Only 8 percent of all insured Americans polled were "not at all worried" about getting health care coverage.

"Many are, in fact, not filling prescriptions, skipping a doctor's visit, not following up on something that was recommended by the doctor, taking a medication less or pill-splitting, doing without dental care," said Humphrey Taylor, chairman of The Harris Poll.

He added that with the economy in a tailspin and many Americans losing their employer-based health insurance, the problem may only get worse. "If the number of uninsured rises sharply, one would expect to see these numbers increase," Taylor said.

One consumer advocate wasn't surprised by the results of the poll, which included 2,078 adults surveyed between Feb. 25 and 27.

"Even for people who have insurance, increasingly, the costs have been shifted to them -- and those costs have risen," said Carol Pryor, policy director at The Access Project, a nonprofit group dedicated to making health care available to more Americans. More and more, she added, insured Americans are paying higher deductibles and co-pays, stretching their ability to get proper medical care.

Pryor agreed with Taylor that the situation is only likely to get worse, since "more people are becoming uninsured as a result of the economic meltdown."

Some other key findings from the poll:

* 78 percent of adults with health insurance worry about paying more for their medical care.
* Nearly two-thirds (65 percent) of all insured adults say they're worried about how they can afford to pay for medical care and prescription drugs, with that number rising to 76 percent among people aged 45 to 54. Even among those aged 65 and over -- most of whom are eligible for Medicare -- 62 percent say they worry about paying for the care they need.
* Over the past year, one in five insured adults skipped filling a prescription because of the cost. That number jumped to 30 percent for those without insurance.
* Similarly, cost concerns led 24 percent of the insured and 51 percent of the uninsured to forgo seeing a doctor for a specific medical problem. Twenty-one percent of the insured and 33 percent of the uninsured didn't get a recommended follow-up test or treatment for the same reason.
* Trying to cut down on medical expenses, 14 percent of the insured and 19 percent of the uninsured took a medication at a lower dose than that recommended by a doctor.
* Dental care took the biggest hit: 51 percent of the uninsured and 30 percent of the insured skipped necessary dental care over the past year due to financial concerns.

Forgoing care to save costs over the short term may not save costs over the long term, the experts warned. "Some things do go away on their own over time," Pryor said. "But there are a lot of conditions that get worse if they aren't treated, and they then require more expensive care later. So it's definitely a gamble."

Taylor noted that the statistics on the percentage of Americans skipping needed care have remained about the same since 2007, when Harris first asked these types of questions. That may seem odd given the recent downturn in the economy, he added. But, he noted that even if a few million Americans lose their health insurance, that's still only 2 percent of the adult population -- not enough to show up in this type of survey.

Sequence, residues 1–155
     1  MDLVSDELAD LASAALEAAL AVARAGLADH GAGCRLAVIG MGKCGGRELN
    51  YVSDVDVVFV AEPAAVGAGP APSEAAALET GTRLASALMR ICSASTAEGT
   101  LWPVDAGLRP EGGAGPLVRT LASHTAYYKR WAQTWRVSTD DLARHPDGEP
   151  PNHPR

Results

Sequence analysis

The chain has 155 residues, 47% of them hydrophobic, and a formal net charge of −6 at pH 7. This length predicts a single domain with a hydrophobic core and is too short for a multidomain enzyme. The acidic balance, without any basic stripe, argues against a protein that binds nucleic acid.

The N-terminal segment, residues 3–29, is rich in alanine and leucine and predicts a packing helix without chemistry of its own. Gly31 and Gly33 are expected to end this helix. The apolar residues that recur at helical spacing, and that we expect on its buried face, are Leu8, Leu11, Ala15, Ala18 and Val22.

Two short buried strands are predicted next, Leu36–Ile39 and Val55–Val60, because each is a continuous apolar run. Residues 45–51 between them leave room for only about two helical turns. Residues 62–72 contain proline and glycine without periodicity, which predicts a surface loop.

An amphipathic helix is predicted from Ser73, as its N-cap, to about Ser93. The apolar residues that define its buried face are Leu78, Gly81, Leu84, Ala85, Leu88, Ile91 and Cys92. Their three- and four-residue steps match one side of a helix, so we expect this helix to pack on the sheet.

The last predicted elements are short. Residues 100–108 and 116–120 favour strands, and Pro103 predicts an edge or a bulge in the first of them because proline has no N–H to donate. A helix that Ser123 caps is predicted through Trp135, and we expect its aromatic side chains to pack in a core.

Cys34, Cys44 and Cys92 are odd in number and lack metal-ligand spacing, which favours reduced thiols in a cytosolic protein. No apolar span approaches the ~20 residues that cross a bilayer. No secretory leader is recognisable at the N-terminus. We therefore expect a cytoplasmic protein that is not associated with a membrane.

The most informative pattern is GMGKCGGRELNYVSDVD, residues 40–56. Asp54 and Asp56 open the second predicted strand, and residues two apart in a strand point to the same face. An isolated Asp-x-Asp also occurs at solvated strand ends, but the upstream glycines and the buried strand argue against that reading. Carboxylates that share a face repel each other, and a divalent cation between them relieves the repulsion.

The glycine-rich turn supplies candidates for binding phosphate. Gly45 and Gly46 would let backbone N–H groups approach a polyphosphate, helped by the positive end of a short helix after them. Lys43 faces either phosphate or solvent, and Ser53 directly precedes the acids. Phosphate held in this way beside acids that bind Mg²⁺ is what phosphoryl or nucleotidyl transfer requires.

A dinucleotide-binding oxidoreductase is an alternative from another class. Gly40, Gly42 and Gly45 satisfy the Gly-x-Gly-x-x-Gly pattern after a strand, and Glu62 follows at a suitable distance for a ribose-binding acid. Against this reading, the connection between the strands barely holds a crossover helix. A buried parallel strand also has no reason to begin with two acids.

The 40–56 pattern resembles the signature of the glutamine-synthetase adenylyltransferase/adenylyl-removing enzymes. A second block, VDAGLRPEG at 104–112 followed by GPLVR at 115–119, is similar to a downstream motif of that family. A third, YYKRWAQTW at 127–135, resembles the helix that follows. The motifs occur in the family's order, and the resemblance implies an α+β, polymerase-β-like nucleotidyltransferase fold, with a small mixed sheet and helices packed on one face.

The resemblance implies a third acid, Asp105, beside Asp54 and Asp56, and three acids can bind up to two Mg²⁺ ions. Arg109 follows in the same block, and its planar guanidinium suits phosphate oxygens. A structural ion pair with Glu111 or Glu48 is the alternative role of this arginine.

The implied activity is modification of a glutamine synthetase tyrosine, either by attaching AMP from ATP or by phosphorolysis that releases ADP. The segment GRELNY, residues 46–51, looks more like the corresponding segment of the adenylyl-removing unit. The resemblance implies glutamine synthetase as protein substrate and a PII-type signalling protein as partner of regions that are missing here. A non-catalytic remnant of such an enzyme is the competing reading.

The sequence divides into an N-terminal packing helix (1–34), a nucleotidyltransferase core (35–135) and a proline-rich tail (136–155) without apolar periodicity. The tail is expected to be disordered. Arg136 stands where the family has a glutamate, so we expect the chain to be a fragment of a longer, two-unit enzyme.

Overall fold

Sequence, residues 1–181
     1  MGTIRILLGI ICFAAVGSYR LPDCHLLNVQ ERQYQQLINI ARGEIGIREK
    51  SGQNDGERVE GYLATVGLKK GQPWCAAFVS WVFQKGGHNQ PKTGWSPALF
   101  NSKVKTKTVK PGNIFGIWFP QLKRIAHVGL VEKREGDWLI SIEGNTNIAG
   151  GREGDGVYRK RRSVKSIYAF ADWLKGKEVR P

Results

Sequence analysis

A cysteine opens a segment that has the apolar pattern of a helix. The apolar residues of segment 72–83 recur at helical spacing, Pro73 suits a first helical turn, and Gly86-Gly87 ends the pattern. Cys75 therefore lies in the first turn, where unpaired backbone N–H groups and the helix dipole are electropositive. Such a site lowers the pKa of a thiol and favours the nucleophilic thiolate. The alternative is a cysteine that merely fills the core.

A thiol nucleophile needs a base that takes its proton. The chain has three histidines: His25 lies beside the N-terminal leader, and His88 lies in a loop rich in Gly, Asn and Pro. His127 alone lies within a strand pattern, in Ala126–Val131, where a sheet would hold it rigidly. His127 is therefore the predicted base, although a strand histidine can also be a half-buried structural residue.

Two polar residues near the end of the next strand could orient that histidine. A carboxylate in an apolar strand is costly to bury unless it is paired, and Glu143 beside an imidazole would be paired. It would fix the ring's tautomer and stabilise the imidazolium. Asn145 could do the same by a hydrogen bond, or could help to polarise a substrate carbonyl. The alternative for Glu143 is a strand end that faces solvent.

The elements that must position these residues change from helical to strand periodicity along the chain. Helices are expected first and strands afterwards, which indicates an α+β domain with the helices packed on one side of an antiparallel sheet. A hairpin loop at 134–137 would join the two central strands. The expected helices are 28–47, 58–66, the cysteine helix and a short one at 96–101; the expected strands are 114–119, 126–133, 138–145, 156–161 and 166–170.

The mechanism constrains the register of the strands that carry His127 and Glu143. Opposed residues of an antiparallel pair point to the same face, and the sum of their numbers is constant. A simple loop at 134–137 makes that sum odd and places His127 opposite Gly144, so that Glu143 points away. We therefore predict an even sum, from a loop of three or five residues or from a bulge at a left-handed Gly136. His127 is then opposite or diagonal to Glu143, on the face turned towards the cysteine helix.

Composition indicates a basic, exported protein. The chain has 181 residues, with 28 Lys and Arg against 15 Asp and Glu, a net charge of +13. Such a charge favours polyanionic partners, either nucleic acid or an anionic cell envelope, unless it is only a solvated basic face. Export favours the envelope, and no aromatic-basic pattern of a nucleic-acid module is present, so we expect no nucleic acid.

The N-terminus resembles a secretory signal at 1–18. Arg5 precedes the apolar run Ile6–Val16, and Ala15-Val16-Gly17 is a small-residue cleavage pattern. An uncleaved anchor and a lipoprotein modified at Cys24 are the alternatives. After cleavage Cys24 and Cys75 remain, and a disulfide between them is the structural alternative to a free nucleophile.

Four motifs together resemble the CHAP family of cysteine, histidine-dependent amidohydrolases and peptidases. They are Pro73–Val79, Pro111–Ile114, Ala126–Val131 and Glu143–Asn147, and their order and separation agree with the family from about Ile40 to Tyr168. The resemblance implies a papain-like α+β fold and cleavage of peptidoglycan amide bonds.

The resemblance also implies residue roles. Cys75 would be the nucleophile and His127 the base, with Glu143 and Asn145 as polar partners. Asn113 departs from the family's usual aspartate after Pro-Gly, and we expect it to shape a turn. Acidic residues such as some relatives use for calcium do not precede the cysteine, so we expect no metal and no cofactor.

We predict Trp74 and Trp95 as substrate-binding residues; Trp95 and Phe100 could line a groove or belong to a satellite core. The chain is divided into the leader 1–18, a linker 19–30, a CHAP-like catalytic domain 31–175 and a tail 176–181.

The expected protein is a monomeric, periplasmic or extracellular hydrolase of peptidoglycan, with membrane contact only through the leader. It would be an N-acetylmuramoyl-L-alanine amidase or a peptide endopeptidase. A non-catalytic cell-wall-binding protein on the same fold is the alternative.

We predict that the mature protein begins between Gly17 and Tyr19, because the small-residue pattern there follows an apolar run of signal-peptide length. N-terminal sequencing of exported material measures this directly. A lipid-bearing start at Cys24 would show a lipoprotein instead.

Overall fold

The new poll results come on the heels of a report released Wednesday by the nonprofit advocacy group Families USA. It found that a third of Americans under the age of 65 -- nearly 87 million people -- went without health care coverage at some point over the past two years.

The most recent U.S. government statistics suggest that 16 percent of all adults (including those 65 and older) have no health insurance. And a Commonwealth Fund report published last June found that the number of "underinsured" -- people who have insurance that doesn't fully meet their health care needs -- rose by 60 percent between 2003 and 2007.

The issue gained momentum in the nation's capitol last Thursday, when President Barack Obama convened a long-anticipated White House summit on health care reform. The Associated Press reported that Obama made a point of bringing a wide range of views to the table -- voices representing the insurance industry, patient groups, physicians and even those advocating a single-payer system.

"Every voice has to be heard. Every idea must be considered," Obama said during the summit. "The status quo is the one option that is not on the table."

According to Pryor, one item that should be up for discussion in Washington is the plight of the underinsured.

"Covering the uninsured is only part of the problem," she said. "Unless reform includes adequate, comprehensive and affordable coverage, just having insurance will not be protection -- either from facing barriers to care or concern over one's financial stability. And after all, those two things are the function of insurance."

-E.J. Mundell

More information

There's more on the underinsured in America at The Commonwealth Fund.



SOURCES: Humphrey Taylor, chairman, The Harris Poll, Rochester, N.Y.; Carol Pryor, policy director, The Access Project, Boston; March 5, 2009, Associated Press, March 9, 2009, Harris Interactive/HealthDay Poll

Last Updated: March 09, 2009